Andrew McPhee

See other motorhome reviews written by Andrew McPhee

Read Practical Motorhome's review of the 2007 Auto-Trail Tracker EKS


The Auto-Trail is good-looking from the outside with its GRP skirts and iconic Indian chieftain head-dress graphics. The coachbuilt body is really well integrated with the cab and you get easily accessible exterior storage lockers with a gas lockers at around waist height. It also has a well-integrated reversing camera. However, the ’van is let down by the fact that the exhaust pipe sticks out behind the offside front axle.

On the road

The Fiat Ducato base vehicle comes with a 128bhp 2.3-litre 130 MultiJet diesel, which gives plenty of grunt on long motorway treks. There’s plenty of storage inside the cab, with deep door pockets, a large nearside glove box and a central glove box below the stereo unit, which is big enough to house a laptop PC. ABS, captains’ swivel chairs, a driver’s airbag, cab carpets and a CD/radio player are also standard.
The seats are a bit high, but so too specification – the ‘SE’ pack brings a flatscreen TV monitor that’s hooked up to a DVD players and reversing camera.

Lounging & dining

The Tracker accommodates no more than four around the table despite being a four-berth ‘van, so any visitors would have to dine, al fresco, under the awning. For lounging, however, it can seat six on the facing sofas, or eight with the cab seats swivelled.
There is an adjustable turning handles on the Remis rooflight, which means it can be opened and closed in increments as desired.
If you opt for the SE pack (almost all Tracker buyers do), you get a flatscreen monitor in the cab, which can be used to play DVDs and watch Freeview digital TV.
There are some useful lounge features, too. At the cab-end of the sofas are collapsible, flip-out coffee tables, ideal for a snack or hot drink, which fold up and down easily by sliding the supporting leg in or out, underneath the table top.
Sitting on the 15cm-thick sofa was a little uncomfortable because the distance between the backs and the edge of the base is too great. So, unless you’re over six feet tall your legs will dangle in the air if you sit back in your seat.


Equipment here includes an oven, grill, a three-burner hob with one electric hotplate and adjustable mixer tap in the sink and a bins on the habitation door. However, there’s no splashguard by the hob.
There’s a vast expanse of work surface. If you add the 71 x 56cm section – made by inserting the sink’s infill – to the huge 95 x 59cm section located above the fridge, then cooks are spoilt for choice. Man hours have clearly gone into perfecting little touches in the kitchen, such as the cutlery tray that fits snugly in a drawer to minimise the noise of jangling cutlery while you’re on the road. The Tracker also has a three-point plug in the kitchen – perfect for a kettle or toaster.


The lounges doubles as the sleeping space, but there’s also an overcab double bed.
The assembled doubles has a slatted base to prevent the build-up of condensation on the underside of the cushions. Assembly is easy: simply pull the base forward and the legs drop into position to support the base of the bed. However, it’s all too easy to catch the skin of your fingers in the spring-loaded legs. Its sofa bases also slide around on their runners too freely when pushing the cushions into place.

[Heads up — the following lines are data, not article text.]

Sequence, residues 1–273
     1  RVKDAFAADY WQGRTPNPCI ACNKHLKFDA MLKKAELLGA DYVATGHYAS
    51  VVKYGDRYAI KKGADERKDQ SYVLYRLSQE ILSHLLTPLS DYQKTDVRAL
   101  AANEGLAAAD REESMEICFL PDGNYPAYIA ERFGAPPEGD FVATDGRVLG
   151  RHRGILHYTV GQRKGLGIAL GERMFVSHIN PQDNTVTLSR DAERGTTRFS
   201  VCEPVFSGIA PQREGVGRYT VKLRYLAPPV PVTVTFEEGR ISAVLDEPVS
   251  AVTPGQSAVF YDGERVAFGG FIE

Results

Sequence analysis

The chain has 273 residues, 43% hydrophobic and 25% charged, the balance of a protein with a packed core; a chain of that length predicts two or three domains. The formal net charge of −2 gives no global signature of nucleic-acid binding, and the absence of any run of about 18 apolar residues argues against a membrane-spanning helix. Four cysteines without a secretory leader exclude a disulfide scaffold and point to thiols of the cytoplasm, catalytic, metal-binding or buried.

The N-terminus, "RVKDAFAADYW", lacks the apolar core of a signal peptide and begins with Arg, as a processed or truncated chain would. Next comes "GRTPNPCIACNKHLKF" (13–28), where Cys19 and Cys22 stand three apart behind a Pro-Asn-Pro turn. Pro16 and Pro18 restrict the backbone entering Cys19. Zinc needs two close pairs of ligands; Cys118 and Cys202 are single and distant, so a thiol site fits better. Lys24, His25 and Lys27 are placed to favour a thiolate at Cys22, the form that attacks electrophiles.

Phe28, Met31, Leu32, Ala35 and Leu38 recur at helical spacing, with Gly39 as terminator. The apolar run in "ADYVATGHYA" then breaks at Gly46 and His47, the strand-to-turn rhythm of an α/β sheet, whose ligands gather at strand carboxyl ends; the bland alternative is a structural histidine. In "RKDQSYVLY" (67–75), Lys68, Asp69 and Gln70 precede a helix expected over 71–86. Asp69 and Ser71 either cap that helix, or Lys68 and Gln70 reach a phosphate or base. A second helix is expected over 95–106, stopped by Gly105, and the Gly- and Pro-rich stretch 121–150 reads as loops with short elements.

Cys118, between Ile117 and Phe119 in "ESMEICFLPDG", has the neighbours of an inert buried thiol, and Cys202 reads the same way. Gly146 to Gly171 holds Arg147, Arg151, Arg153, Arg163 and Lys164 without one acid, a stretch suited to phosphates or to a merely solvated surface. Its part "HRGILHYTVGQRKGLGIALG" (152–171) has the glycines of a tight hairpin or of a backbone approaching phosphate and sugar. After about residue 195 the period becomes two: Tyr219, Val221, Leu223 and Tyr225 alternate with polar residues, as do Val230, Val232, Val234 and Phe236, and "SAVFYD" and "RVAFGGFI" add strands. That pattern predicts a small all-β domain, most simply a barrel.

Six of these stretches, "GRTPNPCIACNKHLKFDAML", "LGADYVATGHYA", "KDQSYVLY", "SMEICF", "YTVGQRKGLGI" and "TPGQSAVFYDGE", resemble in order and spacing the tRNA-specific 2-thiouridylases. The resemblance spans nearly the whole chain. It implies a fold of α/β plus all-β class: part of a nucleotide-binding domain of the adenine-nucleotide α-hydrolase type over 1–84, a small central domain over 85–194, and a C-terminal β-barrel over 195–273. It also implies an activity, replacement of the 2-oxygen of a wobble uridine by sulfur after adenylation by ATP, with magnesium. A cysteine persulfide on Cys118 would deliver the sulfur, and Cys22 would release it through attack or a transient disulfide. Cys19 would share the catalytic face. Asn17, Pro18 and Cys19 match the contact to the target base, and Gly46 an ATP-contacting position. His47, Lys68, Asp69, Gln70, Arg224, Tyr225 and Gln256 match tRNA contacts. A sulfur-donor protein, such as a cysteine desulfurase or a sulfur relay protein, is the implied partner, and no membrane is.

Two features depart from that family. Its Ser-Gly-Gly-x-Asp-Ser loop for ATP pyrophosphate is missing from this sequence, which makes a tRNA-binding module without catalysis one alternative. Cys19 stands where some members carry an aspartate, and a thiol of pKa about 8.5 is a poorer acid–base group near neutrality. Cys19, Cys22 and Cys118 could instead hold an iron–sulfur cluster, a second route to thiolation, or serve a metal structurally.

The overcab bed accommodates a two further people. It features a solid foam mattress, nearside window with a blind and flyscreen, plus curtains to section off the area from the rest of the ‘van. The sleeping arrangements in the low-line version, the Tracker EK, are identical to the Tracker EKS apart from the overcab bed.


The washroom, sadly, isn’t all that appealing. Sure, it has nice touches, such as a towel rail on the back of the door, but the overall impression is of a cramped space. The floor around the toilet is higher than in the shower, so six-footers bash their heads on the roof light. Not only that, but exiting the sturdy shower tray can be perilous, as you have to step up and out of it.
What annoys us most, though, is that you must swivel the Thetford toilet to access the under-sink cupboard, and when using the sink the toilet obstructs your legs.


There’s only one exterior locker, which loses half of its potential storage space to the gas locker. Thankfully, things inside are better, with four lockers either side of the lounge and plenty of kitchen storage space, too. In fact, the kitchen has four overhead lockers, fixed crockery trays and two large floor-to-waist height cupboards.
An offside wardrobe is tall enough for hanging suits and dresses.

Technical specs

Travel seats2
Waste water55L
External Options
GRP sidewalls, Awning light, Directional TV aerial, Electric step
Kitchen Equipment
Dometic Fridge, 3-burner gas with electric hot plate, Oven, Separate grill
Thetford C-250 toilet


Spacious everywhere except the washroom, with good build quality and attractive bodywork throughout.



  • Comfortable lounge with great design features.


  • A small washroom and poor bed assembly mechanism.
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